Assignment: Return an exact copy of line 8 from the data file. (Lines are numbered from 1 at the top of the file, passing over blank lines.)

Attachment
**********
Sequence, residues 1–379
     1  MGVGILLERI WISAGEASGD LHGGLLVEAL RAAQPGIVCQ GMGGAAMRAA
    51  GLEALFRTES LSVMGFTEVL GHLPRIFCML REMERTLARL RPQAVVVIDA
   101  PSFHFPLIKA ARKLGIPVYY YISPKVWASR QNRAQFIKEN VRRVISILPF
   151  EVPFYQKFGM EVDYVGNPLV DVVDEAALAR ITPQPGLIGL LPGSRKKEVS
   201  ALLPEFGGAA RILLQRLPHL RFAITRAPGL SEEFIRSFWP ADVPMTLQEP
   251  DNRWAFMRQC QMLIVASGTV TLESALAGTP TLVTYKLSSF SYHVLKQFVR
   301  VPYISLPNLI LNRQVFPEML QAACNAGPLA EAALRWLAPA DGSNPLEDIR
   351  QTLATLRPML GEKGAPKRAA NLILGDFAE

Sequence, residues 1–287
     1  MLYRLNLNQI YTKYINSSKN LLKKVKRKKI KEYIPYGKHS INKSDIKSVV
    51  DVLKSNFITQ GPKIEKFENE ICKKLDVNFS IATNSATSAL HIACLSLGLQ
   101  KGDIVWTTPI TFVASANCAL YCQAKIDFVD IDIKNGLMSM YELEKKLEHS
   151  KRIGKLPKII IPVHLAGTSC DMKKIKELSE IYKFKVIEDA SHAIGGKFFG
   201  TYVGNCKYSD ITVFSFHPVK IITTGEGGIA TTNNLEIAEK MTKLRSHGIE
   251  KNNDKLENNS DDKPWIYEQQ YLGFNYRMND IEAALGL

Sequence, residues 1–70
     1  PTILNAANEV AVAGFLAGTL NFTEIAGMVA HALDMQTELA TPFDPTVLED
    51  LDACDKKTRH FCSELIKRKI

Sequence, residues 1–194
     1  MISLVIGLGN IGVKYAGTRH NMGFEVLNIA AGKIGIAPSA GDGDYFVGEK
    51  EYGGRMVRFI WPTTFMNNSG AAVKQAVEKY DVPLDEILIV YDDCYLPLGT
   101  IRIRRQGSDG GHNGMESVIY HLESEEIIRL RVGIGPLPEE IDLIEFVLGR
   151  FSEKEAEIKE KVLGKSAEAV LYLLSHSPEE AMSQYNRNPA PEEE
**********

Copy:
   301  VPYISLPNLI LNRQVFPEML QAACNAGPLA EAALRWLAPA DGSNPLEDIR